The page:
With venom on his tongue, he harassed Isaac and told him to move on. But, Isaac continued in his prayers. So, the man struck him on the side of the face and knocked Isaac to the floor. The man was suddenly seized by an unclean spirit that took advantage of his spiritually weakened state and his sin against his brother. Under the conviction of God and having been driven to the floor by the unclean spirit, the man begged Isaac to drive the spirit out of him and grant him forgiveness. Isaac said nothing, continued his prayers, and leaned over the stricken man. In an instant the man was delivered from the spirit and from his sin and offered his heartfelt gratitude to Isaac as Isaac continued to pray. This story spread quickly and soon Isaac was deluged by people seeking not only to learn from him but to give him money, possessions, and land to build a monastery. Isaac politely refused all these offers and when asked why he responded, “A monk who acquires possessions is no longer a monk.”He left Spoleto behind and moved into a nearby wilderness to build a small cell and take up the devoted prayer life of a hermit. In his wake came those who were willing to cast aside all things to gain what it was that Isaac already seemed to have–an intimate connection with the God that others just seemed to talk about.

So, the monks under his care went to sleep that night confident that their tools would be gone in the morning. Indeed, shortly after they had all fallen asleep, thieves scaled the walls of the monastery and began the task of gathering up the gardening tools. But, as each man picked up a spade he felt a heaviness upon his heart concerning their plan to pilfer the monks’ livelihood. So, one by one they decided to finish the work that the monks had started before leaving with the tools. In the morning, Isaac gathered the monks and asked them to prepare a breakfast feast for some unexpected guests from the produce in their garden. When the monks went to the garden, though, they found the thieves still working and were amazed at the wonderful care that each man had taken in tending the garden. As the thieves and the monks stared at each other in surprise, Isaac entered the garden and began gathering produce while inviting the thieves to sit at the table and join in their feast. Each thief and each monk ate his fill and enjoyed the fellowship of one another. As the meal finished, Isaac spoke to the guests. He didn’t shame or guilt them but he simply encouraged the men to leave their lives of theft behind. He invited them to join with the monks in prayer whenever they wanted to do so and then he gave them each permission to come and harvest as much as they liked from the garden any time they were hungry. Many of the thieves left their sin behind while some were converted and even joined the monastery. Isaac had simply followed after his Lord Jesus and offered grace and mercy to any who would have it.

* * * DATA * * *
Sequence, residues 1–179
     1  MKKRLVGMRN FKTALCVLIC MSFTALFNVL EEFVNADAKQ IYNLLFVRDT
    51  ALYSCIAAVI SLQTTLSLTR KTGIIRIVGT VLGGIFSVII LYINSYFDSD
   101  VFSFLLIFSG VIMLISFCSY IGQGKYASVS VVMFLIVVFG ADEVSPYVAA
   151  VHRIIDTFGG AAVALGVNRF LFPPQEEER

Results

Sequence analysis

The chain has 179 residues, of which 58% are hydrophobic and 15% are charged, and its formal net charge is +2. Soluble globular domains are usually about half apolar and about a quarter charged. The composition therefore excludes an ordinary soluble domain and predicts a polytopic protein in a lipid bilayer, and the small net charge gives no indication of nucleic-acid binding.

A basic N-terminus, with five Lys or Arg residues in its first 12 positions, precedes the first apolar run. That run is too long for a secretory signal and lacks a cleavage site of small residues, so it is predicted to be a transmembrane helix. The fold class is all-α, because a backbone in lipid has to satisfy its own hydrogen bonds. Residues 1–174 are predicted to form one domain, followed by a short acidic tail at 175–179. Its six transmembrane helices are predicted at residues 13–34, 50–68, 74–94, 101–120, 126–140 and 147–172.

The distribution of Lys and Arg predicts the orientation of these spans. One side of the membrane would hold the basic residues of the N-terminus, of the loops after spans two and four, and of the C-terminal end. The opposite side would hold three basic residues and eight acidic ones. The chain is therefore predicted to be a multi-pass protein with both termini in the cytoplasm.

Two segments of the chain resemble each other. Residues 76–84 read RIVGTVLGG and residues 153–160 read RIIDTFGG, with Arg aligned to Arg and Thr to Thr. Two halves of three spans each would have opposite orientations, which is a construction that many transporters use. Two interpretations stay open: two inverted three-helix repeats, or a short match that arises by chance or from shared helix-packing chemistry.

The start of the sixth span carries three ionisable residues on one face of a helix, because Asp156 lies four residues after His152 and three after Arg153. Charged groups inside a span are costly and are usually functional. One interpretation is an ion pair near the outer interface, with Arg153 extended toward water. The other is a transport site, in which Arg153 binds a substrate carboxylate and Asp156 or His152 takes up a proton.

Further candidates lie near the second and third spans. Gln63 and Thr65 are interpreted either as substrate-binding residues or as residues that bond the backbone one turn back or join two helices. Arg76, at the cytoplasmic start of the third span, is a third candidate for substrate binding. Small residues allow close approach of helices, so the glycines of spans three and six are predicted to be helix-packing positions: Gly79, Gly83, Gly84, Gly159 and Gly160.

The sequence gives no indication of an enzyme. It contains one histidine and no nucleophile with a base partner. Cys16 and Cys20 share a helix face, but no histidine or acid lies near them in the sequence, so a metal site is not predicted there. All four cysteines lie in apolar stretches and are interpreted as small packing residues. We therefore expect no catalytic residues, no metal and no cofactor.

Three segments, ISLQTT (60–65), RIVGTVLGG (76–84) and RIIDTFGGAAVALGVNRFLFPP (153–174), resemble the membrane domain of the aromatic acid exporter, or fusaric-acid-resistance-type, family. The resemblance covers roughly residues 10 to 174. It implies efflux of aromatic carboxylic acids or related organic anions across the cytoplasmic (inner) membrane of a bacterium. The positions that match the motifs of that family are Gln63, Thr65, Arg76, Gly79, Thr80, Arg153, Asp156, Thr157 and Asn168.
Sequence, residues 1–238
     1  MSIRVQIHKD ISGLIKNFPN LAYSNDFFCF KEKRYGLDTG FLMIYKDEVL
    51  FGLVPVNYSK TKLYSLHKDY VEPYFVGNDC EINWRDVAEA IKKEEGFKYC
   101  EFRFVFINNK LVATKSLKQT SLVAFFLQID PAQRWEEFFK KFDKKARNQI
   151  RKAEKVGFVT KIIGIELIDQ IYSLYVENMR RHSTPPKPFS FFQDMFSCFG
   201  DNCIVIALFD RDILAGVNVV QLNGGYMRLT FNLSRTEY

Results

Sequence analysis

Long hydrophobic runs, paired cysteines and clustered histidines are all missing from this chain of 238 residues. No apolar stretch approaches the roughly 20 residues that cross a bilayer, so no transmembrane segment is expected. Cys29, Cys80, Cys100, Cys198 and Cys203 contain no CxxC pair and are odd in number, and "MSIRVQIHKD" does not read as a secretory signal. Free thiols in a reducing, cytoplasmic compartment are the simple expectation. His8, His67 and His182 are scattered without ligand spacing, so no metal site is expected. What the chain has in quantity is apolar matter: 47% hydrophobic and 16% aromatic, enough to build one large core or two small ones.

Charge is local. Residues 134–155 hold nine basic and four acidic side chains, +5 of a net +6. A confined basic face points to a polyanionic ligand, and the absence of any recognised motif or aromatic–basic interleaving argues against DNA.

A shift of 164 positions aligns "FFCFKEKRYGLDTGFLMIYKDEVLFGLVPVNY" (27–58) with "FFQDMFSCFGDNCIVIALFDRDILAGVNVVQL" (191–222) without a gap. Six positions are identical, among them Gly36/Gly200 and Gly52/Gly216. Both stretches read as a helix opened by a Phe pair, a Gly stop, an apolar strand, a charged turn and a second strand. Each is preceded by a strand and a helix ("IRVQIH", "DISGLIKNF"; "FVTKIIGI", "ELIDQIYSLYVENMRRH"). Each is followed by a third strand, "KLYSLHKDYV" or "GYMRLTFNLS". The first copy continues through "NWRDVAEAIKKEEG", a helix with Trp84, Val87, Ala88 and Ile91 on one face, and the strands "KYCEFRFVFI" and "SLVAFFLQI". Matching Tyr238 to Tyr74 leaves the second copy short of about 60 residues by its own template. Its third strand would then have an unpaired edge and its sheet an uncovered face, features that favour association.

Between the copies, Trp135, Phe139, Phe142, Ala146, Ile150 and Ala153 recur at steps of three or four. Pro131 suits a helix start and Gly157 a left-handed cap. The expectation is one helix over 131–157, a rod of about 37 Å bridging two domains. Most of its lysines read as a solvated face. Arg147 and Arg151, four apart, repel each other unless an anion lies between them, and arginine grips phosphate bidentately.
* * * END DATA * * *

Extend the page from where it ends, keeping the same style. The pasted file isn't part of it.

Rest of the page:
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Telling the Stories that Matter: April 4 – Martin Luther King, Jr., Martyr, Preacher, Dreamer

The audience in Mason Temple was justifiably enraptured as Martin Luther King, Jr., preached yet another gripping and inspiring sermon. As he moved to conclude the sermon his mind–and the minds of the audience–were drawn once again to the weapons and bombs that were threatened and used against them.Martin’s flight to Memphis for this cause had been delayed by yet another bomb threat.He concluded the sermon, “We’ve got some difficult days ahead. But it doesn’t matter with me now. Because I’ve been to the mountaintop. And I don’t mind.” As the imagery settled, he continued: “Like anybody, I would like to live a long life. Longevity has its place. But I’m not concerned about that now. I just want to do God’s will.” This would prove to be a dark foreshadowing of the limited time left on earth for Martin. He finished“And He’s allowed me to go up to the mountain. And I’ve looked over. And I’ve seen the promised land. I may not get there with you. But I want you to know tonight, that we, as a people, will get to the promised land. So I’m happy, tonight. I’m not worried about anything. I’m not fearing any man. Mine eyes have seen the glory of the coming of the Lord.”With these words, Martin ended his sermon and went back to room 306–a room he had stayed in often–at the Lorraine Motel in Memphis.

Martin led countless individuals in the struggle for civil rights in the United State of America. He was one of the founders of the influential Southern Christian Leadership Conference (SCLC) and gave direction to people looking for a way to resist the powerful and abusive parts of the American power structure. They marched and met and slowly raised the consciousness of the American people in relation to the struggle that they were undergoing simply for equality and justice. One of the foundational tenets of Martin’s leadership was the philosophy of nonviolence. This philosophy led to many sit-ins and passive forms of resistance which proved to be especially powerful in a nation where media were looking for a story. He drew the inspiration for how he might best resist nonviolently from Jesus, Gandhi, and the writings of Howard Thurman. With each nonviolent protest, they were met with violent opposition from those who hated their very existence. They absorbed the wrath and evil intentions of their enemies and offered them something resembling love and forgiveness in return. As the violence escalated, Martin and those who followed after him suffered even more. But the power was found in the increased awareness of the rightness of their side and the wrongness of their enemies as their enemies perpetrated great evil in an attempt to remain powerful. In other words, the nonviolent protest of Martin and his people provided a canvas upon which the inherent, institutional evil could take form and be recognized. With every blow and wound they received they gave witness to the evil that motivated such injustice.